“Mother’s milk is a living substance of great biological complexity that not only provides unique protection against disease, but also stimulates the baby’s own immune system,” the WHO points out.

The WHO recommends exclusive breastfeeding for the first six months of life, after which “infants should receive nutritionally adequate and safe complementary foods while breastfeeding continues for up to two years of age or beyond.”

The American Academy of Pediatrics pointed out the importance of breastfeeding.  It said: “Extensive research using improved epidemiologic methods and modern laboratory techniques documents diverse and compelling advantages for infants, mothers, families, and society from breastfeeding and use of human milk for infant feeding. These advantages include health, nutritional, immunologic, developmental, psychologic, social, economic, and environmental benefits.”

Breast milk is easily digested by babies, so they don’t have to face the problem of constipation.  Breastfed babies rarely have ear or respiratory system infections, allergies, stomach problems like diarrhea and vomiting.

Children who were breastfed exclusively for at least three months had better intelligence scores later in life than those who received formula, according to a study in the Archives of General Psychiatry.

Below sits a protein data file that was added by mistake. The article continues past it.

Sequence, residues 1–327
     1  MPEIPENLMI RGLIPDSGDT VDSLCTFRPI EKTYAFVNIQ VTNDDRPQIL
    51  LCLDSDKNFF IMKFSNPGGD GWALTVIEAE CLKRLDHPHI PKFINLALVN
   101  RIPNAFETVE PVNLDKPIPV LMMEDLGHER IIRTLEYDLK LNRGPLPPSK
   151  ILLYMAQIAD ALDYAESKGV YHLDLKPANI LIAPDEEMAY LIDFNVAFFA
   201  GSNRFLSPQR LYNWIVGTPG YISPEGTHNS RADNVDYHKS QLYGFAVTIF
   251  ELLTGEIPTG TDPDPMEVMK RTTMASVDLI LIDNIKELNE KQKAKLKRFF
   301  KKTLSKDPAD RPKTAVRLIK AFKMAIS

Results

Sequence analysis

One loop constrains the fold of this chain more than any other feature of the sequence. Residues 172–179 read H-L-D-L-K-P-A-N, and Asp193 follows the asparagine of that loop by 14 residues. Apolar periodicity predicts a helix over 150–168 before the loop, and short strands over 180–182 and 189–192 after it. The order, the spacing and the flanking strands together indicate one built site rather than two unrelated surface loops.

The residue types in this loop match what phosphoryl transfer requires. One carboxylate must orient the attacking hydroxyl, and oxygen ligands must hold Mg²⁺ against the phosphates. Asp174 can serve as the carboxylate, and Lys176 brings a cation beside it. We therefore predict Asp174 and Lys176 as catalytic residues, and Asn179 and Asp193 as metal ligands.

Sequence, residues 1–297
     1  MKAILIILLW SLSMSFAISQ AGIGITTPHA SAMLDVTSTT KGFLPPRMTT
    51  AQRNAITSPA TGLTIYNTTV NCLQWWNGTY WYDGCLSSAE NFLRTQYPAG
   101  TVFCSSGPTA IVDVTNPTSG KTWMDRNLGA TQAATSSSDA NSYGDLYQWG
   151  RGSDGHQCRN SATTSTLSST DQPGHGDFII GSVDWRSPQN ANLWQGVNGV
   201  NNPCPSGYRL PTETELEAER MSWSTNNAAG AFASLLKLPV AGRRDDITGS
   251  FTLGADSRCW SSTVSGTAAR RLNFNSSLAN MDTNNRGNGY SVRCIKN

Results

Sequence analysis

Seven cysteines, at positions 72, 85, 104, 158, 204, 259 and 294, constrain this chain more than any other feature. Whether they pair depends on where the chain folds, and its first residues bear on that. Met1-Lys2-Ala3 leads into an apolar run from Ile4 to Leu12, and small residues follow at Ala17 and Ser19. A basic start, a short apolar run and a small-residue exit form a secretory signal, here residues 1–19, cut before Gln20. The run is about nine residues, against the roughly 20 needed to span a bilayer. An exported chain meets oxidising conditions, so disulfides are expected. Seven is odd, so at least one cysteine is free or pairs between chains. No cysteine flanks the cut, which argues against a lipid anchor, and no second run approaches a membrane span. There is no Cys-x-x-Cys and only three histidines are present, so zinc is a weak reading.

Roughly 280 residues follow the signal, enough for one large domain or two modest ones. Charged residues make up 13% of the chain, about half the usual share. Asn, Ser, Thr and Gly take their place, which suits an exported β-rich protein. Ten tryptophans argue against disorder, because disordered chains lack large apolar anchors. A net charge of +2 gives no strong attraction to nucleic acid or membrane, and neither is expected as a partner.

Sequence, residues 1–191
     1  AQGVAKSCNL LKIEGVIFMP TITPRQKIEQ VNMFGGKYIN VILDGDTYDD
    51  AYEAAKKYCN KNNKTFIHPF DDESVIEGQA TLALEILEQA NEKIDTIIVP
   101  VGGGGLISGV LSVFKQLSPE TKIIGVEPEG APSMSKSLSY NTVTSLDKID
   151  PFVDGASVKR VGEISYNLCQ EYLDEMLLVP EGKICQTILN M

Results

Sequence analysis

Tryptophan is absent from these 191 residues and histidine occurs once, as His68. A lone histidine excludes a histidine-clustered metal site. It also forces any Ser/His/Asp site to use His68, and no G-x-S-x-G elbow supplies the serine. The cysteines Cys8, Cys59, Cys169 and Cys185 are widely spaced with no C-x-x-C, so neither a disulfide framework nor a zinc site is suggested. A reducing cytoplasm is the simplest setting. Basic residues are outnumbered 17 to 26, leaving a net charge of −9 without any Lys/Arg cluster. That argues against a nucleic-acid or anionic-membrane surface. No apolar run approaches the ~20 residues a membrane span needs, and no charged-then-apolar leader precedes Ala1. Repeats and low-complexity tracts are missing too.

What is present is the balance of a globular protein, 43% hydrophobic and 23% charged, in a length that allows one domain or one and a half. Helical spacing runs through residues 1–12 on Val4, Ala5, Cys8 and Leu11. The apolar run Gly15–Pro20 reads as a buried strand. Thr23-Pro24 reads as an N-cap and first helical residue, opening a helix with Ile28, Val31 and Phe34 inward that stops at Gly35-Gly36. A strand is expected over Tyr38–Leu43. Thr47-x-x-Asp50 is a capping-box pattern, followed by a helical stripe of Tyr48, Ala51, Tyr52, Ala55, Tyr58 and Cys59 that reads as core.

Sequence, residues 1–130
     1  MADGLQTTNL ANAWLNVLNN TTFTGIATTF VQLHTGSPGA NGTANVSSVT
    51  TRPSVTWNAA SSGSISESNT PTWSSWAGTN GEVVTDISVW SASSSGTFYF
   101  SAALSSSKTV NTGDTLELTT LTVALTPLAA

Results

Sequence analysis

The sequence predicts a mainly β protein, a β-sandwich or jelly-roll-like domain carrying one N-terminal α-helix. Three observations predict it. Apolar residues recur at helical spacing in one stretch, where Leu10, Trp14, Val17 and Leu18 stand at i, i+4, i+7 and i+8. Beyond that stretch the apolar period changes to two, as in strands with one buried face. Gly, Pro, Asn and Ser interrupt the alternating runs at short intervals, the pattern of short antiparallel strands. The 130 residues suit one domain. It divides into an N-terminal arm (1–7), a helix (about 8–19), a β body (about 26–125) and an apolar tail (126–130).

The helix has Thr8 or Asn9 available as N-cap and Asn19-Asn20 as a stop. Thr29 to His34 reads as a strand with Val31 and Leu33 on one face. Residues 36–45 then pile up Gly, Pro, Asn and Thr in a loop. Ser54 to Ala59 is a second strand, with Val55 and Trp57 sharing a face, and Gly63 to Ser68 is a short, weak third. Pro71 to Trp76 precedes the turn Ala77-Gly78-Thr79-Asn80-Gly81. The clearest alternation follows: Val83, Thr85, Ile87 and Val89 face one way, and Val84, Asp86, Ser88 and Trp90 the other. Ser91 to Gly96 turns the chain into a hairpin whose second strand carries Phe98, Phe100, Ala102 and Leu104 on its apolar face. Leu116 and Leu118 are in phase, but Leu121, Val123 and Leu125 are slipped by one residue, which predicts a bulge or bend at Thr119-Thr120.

“A woman’s body is a sacred temple,” wrote Suzy Kassem, author of Rise Up and Salute the Sun.  “A work of art, and a life-giving vessel. And once she becomes a mother, her body serves as a medicine cabinet for her infant.  From her milk she can nourish and health her own child from a variety of ailments.”

When mother’s milk is not available, the WHO and UNICEF promote the use of pasteurized donor human milk as the second option in preference to formulas.  However, WHO has particularly specified that the “recommendation (is) relevant for settings where safe and affordable milk-banking facilities are available or can be set up.”

“The use of formulas as the next option requires counseling the mothers and families on their proper and clean preparation,” the HNN states.  “The use of preterm formulas should only be recommended when the baby is not gaining weight on standard formula and if it can be affordable.”

For babies smaller than 1,500 gm birth weight, the WHO recommends adding vitamin D, calcium, phosphorus, and iron supplements. – ###